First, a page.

Perhaps most scarily of all, the one thing at the heart of work- doing so for the blessing of others, creation, fellow creature and Creator – has been replaced with work as the means of self-definition. It has all become about me. Our whole education system now rests on this foundation.
This is a universal challenge. It affects us all. The response of our sinful hearts is to take God’s good gifts and worship them in his place. This was Paul’s point to the bustling centre of the world in his day. In Rome, the people needed to know that the heart of the problem was the problem of the heart. ‘They exchanged the glory of the immortal God for images made to look like mortal man and birds and animals and reptiles.’ (Rom 1:23) When work becomes more important to us than the God who blesses us with it, that work has become the god we worship. This god has an insatiable desire. It traps all. Ensnaring us with the belief that any sacrifices made will prove worth it in the end.
We’re all tempted by such worship of work. The danger of expressing our identity in relation to our role. The folly of placing our hope in the satisfaction of a job completed. The risk of building our security in the results of our labours. Such worship is subtle. Tricky to detect. Like carbon monoxide, a gas with no odour. Yet making itself known when finally, we struggle to breathe! You see, we truly discover the things we worship when those things are tugged away. Have you noticed it during this time? I have to put my hand up to this one! Some aspects of this lockdown experience have left me profoundly challenged. And in some ways, it’s not the big things. The daily adjustments, they are enough to reveal an unease that is showing me the extent of my dependence.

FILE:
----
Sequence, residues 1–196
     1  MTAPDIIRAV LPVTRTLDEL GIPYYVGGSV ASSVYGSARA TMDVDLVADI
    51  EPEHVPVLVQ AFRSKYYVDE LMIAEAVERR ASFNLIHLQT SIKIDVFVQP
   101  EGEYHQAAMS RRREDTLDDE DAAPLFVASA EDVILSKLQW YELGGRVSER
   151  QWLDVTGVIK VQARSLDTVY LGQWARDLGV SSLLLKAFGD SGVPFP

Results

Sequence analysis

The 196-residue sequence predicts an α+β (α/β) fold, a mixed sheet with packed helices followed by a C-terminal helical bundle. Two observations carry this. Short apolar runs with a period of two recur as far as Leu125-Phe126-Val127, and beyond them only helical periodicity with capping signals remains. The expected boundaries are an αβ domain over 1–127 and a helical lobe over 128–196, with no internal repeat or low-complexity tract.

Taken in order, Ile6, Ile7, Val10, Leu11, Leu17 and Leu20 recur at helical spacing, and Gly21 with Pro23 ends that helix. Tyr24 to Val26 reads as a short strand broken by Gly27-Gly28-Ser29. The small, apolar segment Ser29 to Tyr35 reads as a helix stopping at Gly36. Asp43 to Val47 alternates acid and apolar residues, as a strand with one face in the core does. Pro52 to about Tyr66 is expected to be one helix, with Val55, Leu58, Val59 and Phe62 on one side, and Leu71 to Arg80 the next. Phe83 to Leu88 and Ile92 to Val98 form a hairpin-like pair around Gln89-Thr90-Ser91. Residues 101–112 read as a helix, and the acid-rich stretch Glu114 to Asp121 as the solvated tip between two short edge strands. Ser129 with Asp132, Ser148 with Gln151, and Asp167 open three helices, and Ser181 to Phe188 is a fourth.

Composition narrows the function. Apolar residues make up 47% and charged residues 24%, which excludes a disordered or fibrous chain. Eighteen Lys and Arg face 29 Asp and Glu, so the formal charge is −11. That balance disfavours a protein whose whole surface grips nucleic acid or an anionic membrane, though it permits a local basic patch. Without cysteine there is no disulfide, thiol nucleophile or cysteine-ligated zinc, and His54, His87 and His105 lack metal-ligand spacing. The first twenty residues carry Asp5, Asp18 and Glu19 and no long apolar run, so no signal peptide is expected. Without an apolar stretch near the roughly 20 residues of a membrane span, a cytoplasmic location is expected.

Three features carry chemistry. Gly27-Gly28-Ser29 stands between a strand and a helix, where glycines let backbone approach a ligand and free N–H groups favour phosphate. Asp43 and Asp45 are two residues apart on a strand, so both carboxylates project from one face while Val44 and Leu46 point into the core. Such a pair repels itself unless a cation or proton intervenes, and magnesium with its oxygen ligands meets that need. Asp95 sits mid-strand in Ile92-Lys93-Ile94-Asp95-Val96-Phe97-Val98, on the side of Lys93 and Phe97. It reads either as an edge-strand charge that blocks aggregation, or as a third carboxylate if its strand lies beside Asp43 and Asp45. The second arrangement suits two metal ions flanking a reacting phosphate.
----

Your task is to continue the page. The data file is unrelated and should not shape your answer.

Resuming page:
Do you feel the battle? Paul certainly lets us see his own experience of this when we get to chapter 7 in Romans. “For what I want to do I do not do, but what I hate I do” v15. Being quite honest with you, I have become more and more aware of my inner battle too. I love working, I gain so much from throwing my heart and my energies into the things that I do. I really do set out to do it all for the Lord but somewhere along the line it shifts. The things themselves become defining. I start to make sacrifices that dishonour God and tend to withhold love from the very people I claim to be doing all of this for! The more I see of this operating within me, the more I can relate to Paul’s conclusion in v24, “What a wretched man I am! Who will rescue me from this body of death?”